the distance tolerance was even less.
The partial perimeter tube frame, with wider openings on the east and
west faces, takes the lateral loads, allowing for a more slender core
in order to maximize floor space. The three open sides of the building
feature floor-high transfer trusses and the north facade slanted
feature, in fact, forms around a diagonal frame member running all the
way to the top.
The building's sale to the Dubai investment firm Istithmar in April
2006 as a part of a $2.2 billion deal including the
280 Park Avenue will be dependent on the
amount of actual taxes after 2022 development incentives wear off.
THE RANDOM HOUSE TOWER AND THE PARK IMPERIAL
(1745 Broadway/230 West 56th St.)
[Skidmore, Owings & Merrill]
was built in 2000-2003 for Related Companies as an office-residential
building housing the Random House publishing company.|
After a search for a suitable plot -- one candidate being opposite
the Bertelsmann Building at Times Square
after Random House got involved in 1998 -- the choice was the Broadway
plot between 55th and 56th Streets, assembly of which was begun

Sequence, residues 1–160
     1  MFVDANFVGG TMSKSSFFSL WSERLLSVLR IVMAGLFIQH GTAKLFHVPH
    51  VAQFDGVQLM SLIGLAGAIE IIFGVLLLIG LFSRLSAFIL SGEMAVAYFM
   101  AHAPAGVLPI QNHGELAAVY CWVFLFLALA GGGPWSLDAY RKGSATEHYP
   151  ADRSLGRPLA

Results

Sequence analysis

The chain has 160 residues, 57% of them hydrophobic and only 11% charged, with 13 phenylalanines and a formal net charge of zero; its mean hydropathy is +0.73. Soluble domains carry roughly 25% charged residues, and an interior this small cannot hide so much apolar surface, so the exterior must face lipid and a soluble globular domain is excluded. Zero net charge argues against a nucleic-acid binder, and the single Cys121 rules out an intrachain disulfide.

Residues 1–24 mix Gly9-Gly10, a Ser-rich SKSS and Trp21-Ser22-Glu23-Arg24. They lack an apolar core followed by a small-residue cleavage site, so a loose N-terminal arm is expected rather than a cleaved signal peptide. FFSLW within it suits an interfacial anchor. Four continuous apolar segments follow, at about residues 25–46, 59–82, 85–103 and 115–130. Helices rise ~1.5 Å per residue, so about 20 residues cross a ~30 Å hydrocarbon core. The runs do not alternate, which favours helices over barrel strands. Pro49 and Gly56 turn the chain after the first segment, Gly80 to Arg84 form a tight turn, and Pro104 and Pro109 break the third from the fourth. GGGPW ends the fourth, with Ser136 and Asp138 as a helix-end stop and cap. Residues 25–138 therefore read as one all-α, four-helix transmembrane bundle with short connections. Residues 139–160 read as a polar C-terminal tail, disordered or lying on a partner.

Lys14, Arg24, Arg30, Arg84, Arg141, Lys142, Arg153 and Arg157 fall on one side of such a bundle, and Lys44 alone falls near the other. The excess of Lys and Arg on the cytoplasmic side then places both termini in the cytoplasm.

in 1997. Gathering of air rights from nearby properties resulted in 10
extra apartment floors. Negotiatiations
with the city about tax incentives
for the development led to clashes,
but construction on the $425 million building was nevertheless
started in November 2000.
The 52-storey building consists of three masses, in two senses, as
well as two uses inside the 79,900 m² of space.
The six-storey base has a trapezoidal plan, with front wall following
the diagonal line of Broadway, and extends forward to form an arcade
below. The mid-portion
consists of three protruding bays with tinted glass walls, whereas
the flanking portions are clad in polished gray granite and uniformly
gridded with windows. The tower is set-back atop the base, aligned
along the Manhattan street grid. The lower shaft is similarly divided
into three parts with granite and curtain wall facing, although the
mid-portion is off-set into a parallelogram of three masses making
the tower also, in effect, follow the diagonal of Broadway, at the
same time directing more of window space toward Central Park. The
set-back top portion of the tower reaches 208.5 m and consists only
of the extension of the curtain-walled mid-part with a single setback
notch in every jagged front facing Bradway. The top is also terraced
From the side, the result somewhat resembles the jagged setbacks of
the GE Building at the Rockefeller Center.
Considering that the base and the lower tower occupant up to the 25th